Who is on a tirade against Calvinism?

Posted on 01/04/12 28 Comments

I have noticed in the past that often when I write an article critiquing Calvinism Steve Hays of Triablogue writes a response soon after in which he describes my critical analysis as a “tirade”. For example, in the past he has said “Randal Rauser is currently on a tirade”. Other times he has referred to “Randal Rauser’s tirade” and “Rauser’s latest tirade” (emphasis added).

A tirade?

n. “A long, angry speech of criticism or accusation.”

That is a very important word choice. To describe a critique as a tirade immediately couches it in emotional, specifically angry, and thus potentially non-rational terms. And that is a way of undermining the argument because people who are prone to tirades have a personal vendetta which casts a pall over all they say. Thus, in his opening sentence or two Hays attempts to marginalize what I have written by dismissing it as a tirade (think rant or harangue).

Steve Hays is not the only one who attempts to present my arguments in personal terms as representative of an antagonism against Calvinists and their theology. But it is false to suggest that any such antagonism exists.

For one thing, some of my best friends are Calvinists. One of my good friends is Oliver Crisp, a full professor at Fuller Theological Seminary and a Calvinist with impeccable credentials. (For example, Oliver has probably written more books on Jonathan Edwards than I have read.) Another one of my good friends is Kelly Kapic, a full professor at Covenant College in Georgia, expert on John Owen, and another Calvinist with impeccable credentials (and a plenary speaker at the 2011 ETS conference; way to go Kelly!). In fact, Kelly and I are currently writing two books together for Zondervan. I have no personal antagonism toward Calvinists.

So then if I have no special antagonism toward Calvinists that could fuel a triade, perhaps I have antagonism toward Calvinism, the theology itself.

This too is mistaken. While I certainly am a critic of Calvinism, this doesn’t mean I have antagonism toward Calvinist theology. It is simply my job as an Arminian to mount defenses of my position and critiques of competing positions as part of the communal pursuit of truth. Of course I understand why Calvinists take it personally. After all, it is natural for the parents of the defendant to circle the wagons around their son and view the prosecutor as an adversary. But please remember mom and dad, the prosecutor is just doing his job. You don’t have to send him a Christmas card. But remember that like you he just wants to see justice done. If the son really is culpable of certain actions, then surely the parents should want to know about it. And if an Arminian can demonstrate certain problems with the Calvinist position, then the Calvinist should want to know about it too. Indeed, at that point you might think of the Arminian as a mechanic friend pointing out a problem with your car engine right before a long road trip. If the problem really does exist you don’t blame the mechanic. You thank him!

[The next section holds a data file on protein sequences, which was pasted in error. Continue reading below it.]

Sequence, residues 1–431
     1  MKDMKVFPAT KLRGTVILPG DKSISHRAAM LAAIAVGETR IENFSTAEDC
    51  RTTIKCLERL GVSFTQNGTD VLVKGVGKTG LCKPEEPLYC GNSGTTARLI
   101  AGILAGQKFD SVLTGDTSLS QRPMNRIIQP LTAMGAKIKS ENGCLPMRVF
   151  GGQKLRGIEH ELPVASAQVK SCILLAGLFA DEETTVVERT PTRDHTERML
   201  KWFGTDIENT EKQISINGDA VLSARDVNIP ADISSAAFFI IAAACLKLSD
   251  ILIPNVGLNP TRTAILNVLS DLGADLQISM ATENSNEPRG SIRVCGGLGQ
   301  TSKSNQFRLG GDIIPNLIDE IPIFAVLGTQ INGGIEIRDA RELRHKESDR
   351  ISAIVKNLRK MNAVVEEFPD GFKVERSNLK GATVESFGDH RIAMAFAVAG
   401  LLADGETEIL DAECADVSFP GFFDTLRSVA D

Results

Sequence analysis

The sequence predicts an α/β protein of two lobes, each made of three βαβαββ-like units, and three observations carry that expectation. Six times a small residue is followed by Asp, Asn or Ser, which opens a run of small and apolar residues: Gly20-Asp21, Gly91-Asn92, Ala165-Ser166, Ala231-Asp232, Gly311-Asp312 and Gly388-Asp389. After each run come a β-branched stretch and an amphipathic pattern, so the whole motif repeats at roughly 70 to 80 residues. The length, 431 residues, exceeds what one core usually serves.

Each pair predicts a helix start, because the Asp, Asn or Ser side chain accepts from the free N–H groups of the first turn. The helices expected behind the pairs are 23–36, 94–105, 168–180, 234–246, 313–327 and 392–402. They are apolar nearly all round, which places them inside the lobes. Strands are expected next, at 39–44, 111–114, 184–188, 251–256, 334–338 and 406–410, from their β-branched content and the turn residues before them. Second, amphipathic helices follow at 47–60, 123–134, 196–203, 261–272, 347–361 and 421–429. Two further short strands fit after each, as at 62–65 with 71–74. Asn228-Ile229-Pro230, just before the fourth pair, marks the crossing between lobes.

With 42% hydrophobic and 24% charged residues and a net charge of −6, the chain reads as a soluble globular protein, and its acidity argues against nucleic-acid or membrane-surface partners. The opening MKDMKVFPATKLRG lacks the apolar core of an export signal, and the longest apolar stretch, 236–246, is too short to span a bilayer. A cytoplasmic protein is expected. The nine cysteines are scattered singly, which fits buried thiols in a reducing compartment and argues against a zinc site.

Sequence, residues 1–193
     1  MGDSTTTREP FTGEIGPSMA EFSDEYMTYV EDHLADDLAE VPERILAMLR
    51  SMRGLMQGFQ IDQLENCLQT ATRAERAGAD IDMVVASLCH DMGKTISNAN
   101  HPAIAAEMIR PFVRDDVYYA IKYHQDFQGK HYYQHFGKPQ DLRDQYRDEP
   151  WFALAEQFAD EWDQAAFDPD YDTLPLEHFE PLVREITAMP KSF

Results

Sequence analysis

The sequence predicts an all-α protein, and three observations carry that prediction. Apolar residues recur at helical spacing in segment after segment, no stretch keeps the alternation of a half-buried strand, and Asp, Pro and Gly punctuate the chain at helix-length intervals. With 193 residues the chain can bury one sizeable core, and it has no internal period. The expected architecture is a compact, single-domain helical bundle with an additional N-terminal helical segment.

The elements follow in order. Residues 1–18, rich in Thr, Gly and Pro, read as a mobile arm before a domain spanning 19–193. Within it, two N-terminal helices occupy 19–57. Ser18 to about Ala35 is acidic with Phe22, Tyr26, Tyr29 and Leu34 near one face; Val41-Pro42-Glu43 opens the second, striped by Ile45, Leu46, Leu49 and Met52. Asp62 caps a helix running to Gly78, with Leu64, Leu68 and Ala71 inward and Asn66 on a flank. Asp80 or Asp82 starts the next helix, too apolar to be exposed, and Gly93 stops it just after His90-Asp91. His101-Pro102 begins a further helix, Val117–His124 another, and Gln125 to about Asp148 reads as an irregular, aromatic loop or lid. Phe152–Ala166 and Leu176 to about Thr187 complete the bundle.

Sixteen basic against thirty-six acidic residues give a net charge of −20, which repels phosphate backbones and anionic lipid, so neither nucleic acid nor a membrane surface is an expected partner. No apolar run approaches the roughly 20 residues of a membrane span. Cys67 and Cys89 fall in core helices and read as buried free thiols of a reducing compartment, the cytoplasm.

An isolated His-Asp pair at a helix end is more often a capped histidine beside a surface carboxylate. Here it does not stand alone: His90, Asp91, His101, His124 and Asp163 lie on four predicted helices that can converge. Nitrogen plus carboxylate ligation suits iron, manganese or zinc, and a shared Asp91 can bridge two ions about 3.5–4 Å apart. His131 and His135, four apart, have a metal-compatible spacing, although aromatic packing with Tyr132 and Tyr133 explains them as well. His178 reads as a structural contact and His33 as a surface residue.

This may seem to make sense. But then when I make an argument against Calvinism which is considered too extreme (e.g. my recent argument unpacking its pastoral consequences) I am dismissed like a 9/11 conspiracy theorist. This despite the fact that no rebuttal to the argument is offered. What explains the attitude?

One possibility is that people don’t really read the article because they so critically misread it. And this reminds me of a controversial article that Glenn Tinder published in 1989 in Atlantic Monthly called “Can we be good without God?” (See: http://www.theatlantic.com/magazine/archive/1989/12/can-we-be-good-without-god/6721/) The article set off a firestorm of controversy from readers of a secular and atheistic mindset who thought Tinder was saying that you had to be “religious” or Christian to be moral. That wasn’t his point at all. His point, rather, was that theism and Christianity provide a more satisfactory metaphysical ground for morality than does secular atheism. But that didn’t seem to matter. Once Tinder’s readers had taken him to be attacking their morality and their person they completely misread the rest of his argument and thus the conversation that could have been was not to be.

I am in the midst of developing a critique of Calvinism which parallels in certain respects Tinder’s critique of secular accounts of morality. It parallels them in the sense that Calvinism, so I will argue, cannot ground an adequate concept of love of one’s neighbor in a way analogous to the failure of secular atheism to ground morality.

That’s really important to remember in the present case. The point of the argument I’m developing is not that Calvinists don’t love their neighbor. Rather, the argument is that Calvinism provides an inadequate ground for love of neighbor. Indeed, if the implications of the theology are consistently applied then it undermines love of neighbor.

And so I ask Calvinist readers not to get angry and defensive as I develop this argument. And please spare me the nonsense that I have a vendetta against Calvinism or that I’m on a “tirade”. Rather, consider the argument carefully and then offer carefully worded and dispassionate rebuttals. (Or even better, just say that I’m right!)

One final word. I have been asked multiple times by different Calvinists to exegete a certain list of biblical passages. Let’s all recognize that there are Calvinistic interpretations of those passages and there are Arminian interpretations of those passages. There are also Calvinistic and Arminian interpretations of other passages. In some cases the Calvinist has a stronger exegetical case, but I dare say that in other cases the Arminian certainly does. But when we assess the validity of various theologies we don’t simply exegete a long list of passages. We do many other things as well. Another part of the assessment process includes precisely what I’m doing here: considering carefully the full implications of the position in question. If I’m right and Calvinism does in fact undermine the love of neighbor then that surely counts against the truth of Calvinism, even if Romans 9 seems to count for it. I am not suggesting that this kind of argument would show Calvinism to be false. But I am saying that as we weigh the case for and against Calvinism an argument such as I am in the midst of developing will add weight to the scale against it.